By on May 3, 2021

The global shortage of semiconductor chips has really done a number on the industry and it’s just one of several major supplier issues created by our response to the pandemic. Years from now, people will look back and use the benefit of hindsight to come up with the perfect solution to a problem that has since evaporated. But all we can manage in the present is an up-to-date tally on how much product is being lost and wait for better news.

AutoForecast Solutions (AFS) has been keeping tabs on the situation and recently updated its numbers through the week of April 30th. Production schedules in North America are now reportedly 121,000 vehicles shy of where they’re supposed to be. Though we need to pull back and take a gander at what the whole industry was facing ahead of the latest figures to have a more complete understanding of this particularly dire automotive quagmire. 

While North American manufacturers have announced a grand total of 883,000 vehicles that won’t be build due to factory shutdowns, AutoForecast is estimating the real number will be over one million units. European projections are similar, though production facilities have only accounted for 682,000 vehicles lost in an official capacity.

Asia has fared substantially better, likely as a result of it being the source market for most semiconductor chips. China’s automotive sector has claimed it’s only behind by 303,000 cars and, while it’s sometimes unwise to take the region at its word, AFS projections have its shortfall somewhere around 429,000. The rest of Asia has committed itself to building 355,000 fewer automobiles this year, with AFS estimating a total loss of 607,000.

Worse still is the changing industry attitude. While most manufacturers started the year promising that steps will be taken to normalize chip supplies, it doesn’t seem to be happening at the paces promised. Most brands are now warning that shortages could last through Q3, while market analysts have suggested that things might not stabilize until late in 2022.

Automotive News, shared a breakdown of the latest cuts reported by AutoForecast Solutions. Despite Ford receiving most of the publicity around chip-related production shortfalls, it was actually General Motors that took the biggest hit in the last round of cuts. Of the 121,000 new vehicles we learned were lost in North America last week, 79,600 belonged to GM.

We covered it, but here’s a refresher from AN:

They included 17,000 Chevrolet Equinox compact crossovers (Ingersoll, Ont.) and 24,100 Chevrolet Malibu midsize sedans and Cadillac XT4 premium crossovers (Fairfax, Kan.). More than 12,700 vehicles were deleted from production plans at Lansing, Mich., including Chevrolet Camaro convertibles, Camaro coupes, and Cadillac CT4 and CT5 luxury vehicles.

Ford cut 5,500 Bronco Sport crossovers at its plant in Hermosillo, Mexico. Ford reported during its Q1 earnings call last week that it could lose 50 percent of its planned second-quarter production because of the chip shortage.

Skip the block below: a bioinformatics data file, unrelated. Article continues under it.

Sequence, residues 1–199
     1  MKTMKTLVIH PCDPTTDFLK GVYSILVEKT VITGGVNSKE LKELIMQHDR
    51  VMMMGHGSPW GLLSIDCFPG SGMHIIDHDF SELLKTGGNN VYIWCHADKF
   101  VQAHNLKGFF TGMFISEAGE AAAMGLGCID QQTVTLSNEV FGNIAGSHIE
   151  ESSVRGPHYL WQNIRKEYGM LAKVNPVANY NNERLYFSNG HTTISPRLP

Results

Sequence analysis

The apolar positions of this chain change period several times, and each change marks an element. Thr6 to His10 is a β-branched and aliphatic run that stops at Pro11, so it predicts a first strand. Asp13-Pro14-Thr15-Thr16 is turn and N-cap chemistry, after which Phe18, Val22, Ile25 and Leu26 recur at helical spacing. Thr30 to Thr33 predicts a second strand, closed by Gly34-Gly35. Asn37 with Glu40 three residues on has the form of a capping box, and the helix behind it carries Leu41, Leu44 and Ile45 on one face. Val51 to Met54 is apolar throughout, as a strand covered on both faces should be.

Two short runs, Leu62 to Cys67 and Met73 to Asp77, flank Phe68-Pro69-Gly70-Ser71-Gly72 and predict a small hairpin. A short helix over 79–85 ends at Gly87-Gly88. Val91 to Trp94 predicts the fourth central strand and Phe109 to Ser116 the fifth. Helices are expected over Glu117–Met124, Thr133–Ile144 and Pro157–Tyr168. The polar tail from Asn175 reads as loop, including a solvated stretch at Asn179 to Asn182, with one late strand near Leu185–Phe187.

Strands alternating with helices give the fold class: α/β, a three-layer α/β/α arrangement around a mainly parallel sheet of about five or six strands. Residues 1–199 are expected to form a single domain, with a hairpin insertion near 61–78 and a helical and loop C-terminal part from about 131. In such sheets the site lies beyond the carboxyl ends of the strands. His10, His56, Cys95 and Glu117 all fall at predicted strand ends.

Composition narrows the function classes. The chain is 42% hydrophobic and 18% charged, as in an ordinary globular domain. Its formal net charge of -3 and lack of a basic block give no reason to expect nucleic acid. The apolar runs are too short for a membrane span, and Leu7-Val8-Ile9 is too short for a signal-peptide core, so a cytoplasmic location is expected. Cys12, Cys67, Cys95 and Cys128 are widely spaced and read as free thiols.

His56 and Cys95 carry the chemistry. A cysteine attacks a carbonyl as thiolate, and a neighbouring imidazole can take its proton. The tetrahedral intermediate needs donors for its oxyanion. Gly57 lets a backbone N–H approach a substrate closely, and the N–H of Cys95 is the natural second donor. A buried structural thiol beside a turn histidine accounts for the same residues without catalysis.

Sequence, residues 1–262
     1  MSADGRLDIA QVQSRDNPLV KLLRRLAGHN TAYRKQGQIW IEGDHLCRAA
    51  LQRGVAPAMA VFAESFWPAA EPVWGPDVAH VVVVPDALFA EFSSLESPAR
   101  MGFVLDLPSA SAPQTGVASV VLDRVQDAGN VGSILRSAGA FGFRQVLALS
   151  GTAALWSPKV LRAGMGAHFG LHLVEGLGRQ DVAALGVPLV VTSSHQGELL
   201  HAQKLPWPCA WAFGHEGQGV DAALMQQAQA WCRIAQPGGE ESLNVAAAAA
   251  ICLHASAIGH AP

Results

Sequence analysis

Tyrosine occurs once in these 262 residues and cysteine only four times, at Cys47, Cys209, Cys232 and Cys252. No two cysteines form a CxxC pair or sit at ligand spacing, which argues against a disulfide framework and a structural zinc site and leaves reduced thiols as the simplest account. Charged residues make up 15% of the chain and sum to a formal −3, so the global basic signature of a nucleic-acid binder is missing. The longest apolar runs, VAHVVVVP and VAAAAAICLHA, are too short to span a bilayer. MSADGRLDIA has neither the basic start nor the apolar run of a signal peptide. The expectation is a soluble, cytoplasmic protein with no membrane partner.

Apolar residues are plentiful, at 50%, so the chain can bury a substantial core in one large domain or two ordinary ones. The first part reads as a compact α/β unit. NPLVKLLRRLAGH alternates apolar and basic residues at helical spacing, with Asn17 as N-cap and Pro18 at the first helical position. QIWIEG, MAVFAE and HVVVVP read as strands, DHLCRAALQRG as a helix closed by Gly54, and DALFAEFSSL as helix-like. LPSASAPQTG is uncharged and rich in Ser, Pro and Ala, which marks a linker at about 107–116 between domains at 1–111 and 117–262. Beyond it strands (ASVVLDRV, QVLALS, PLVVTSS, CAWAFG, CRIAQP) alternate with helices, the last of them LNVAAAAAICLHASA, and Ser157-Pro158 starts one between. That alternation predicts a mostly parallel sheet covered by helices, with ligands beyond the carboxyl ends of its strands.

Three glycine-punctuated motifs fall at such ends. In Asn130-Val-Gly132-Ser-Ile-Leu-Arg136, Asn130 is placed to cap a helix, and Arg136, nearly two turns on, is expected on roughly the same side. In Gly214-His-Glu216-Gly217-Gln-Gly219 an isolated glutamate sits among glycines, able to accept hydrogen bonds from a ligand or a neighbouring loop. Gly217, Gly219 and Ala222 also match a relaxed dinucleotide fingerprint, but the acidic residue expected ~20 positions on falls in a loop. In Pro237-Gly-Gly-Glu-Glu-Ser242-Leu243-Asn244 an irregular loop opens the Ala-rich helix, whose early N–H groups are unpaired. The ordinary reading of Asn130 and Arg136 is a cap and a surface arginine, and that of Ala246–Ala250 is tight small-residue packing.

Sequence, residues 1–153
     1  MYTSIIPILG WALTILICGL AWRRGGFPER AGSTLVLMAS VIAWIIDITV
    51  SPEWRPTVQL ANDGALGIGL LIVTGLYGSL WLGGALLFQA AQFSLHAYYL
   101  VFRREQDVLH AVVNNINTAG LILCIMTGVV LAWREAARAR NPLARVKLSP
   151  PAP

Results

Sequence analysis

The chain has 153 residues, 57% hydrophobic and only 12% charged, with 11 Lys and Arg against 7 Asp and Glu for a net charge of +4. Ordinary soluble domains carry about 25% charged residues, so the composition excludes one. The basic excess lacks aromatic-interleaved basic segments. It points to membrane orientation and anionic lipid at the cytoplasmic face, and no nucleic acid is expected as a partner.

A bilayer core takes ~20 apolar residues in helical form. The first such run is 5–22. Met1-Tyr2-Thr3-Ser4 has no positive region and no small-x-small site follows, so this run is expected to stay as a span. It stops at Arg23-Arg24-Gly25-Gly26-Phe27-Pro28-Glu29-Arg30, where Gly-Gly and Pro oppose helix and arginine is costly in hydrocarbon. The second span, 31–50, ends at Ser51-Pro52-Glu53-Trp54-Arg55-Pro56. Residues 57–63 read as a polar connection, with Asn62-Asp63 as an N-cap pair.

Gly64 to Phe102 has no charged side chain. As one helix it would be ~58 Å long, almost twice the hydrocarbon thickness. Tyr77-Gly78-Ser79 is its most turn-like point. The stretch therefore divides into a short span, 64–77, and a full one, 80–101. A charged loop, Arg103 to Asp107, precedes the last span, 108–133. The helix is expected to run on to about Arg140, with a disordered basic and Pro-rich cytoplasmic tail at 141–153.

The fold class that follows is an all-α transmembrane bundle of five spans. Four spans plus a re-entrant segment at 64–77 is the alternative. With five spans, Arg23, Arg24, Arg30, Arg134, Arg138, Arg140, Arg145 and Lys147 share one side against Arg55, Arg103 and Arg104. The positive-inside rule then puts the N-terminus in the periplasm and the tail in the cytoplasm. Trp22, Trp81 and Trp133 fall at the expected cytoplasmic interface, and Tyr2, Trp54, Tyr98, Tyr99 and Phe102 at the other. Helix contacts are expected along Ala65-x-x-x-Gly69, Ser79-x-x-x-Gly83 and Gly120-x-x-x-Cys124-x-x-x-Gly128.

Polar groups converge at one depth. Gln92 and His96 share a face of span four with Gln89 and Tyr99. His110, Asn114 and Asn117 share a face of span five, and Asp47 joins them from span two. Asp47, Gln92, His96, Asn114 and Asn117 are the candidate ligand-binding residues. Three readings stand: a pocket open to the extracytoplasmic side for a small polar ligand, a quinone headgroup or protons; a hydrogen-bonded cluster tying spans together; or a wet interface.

There’s nothing to suggest these types of notices will abate any time soon. Chip demand is far too high and businesses with access are currently hoarding them to maintain an advantage. Meanwhile, there are new shortages looming in the distance that could further hamper the automotive sector. Global production losses are nearing 2.3 million units, with AFS estimating 3.36 million vehicles could be affected when everything is said and done.

[Image: Gorodenkoff/Shutterstock]

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25 Comments on “Semiconductor Shortage By the Numbers, Looks Bad...”

  • avatar

    I think the all time high in the past decade was 16m units in USDM, so that’s around 7% not produced. For contrast, mid 2008-2009 production was close to half of 2007 and continued to 2010 but by 2012 was back to around 12m units. So here’s the $64,000 question, does this trend *accelerate* up to the 2024 election or is it just a minor blip that’s forgotten in 18 months?

    You make the call!

  • avatar

    Why is GM wasting even a single chip on Malibu sedans?

  • avatar

    New inventories are low, new incentives are low (at least on the vehicles I’ve looked into), what is being built is from an often insecure/rotating workforce with supply issues, and used prices are through the roof.

    Seems like a good time to take care of what you have and sit tight if you can.

  • avatar
    Master Baiter

    So keep your old car longer. Cars are evolving too fast right now anyway.

    Maybe in another 10 or 20 years, they will figure how to fit the infotainment screen into the dash.

    • 0 avatar

      Precisely why I went the Restomod route with my existing vehicles. New vehicles are overtly encumbered with electronics to the point where any disruption in the chip supply can bring any production/repair efforts to a grinding halt.

      And if this is having such an effect on ICE vehicles, that effect multiplies in the case of hybrids and EVs.

    • 0 avatar

      You might want to keep your old car longer for other reasons. A web site noted that Customs and Border Protection has acquired tech that can read a huge quantity of data from your car’s electronics.

      It seems all that infotainment in a car is totally unprotected and open with the right tech. There’s actually no reason to have more than the engine CPU operating, all that instrument panel stuff is unnecessary to the operation of the vehicle.

      • 0 avatar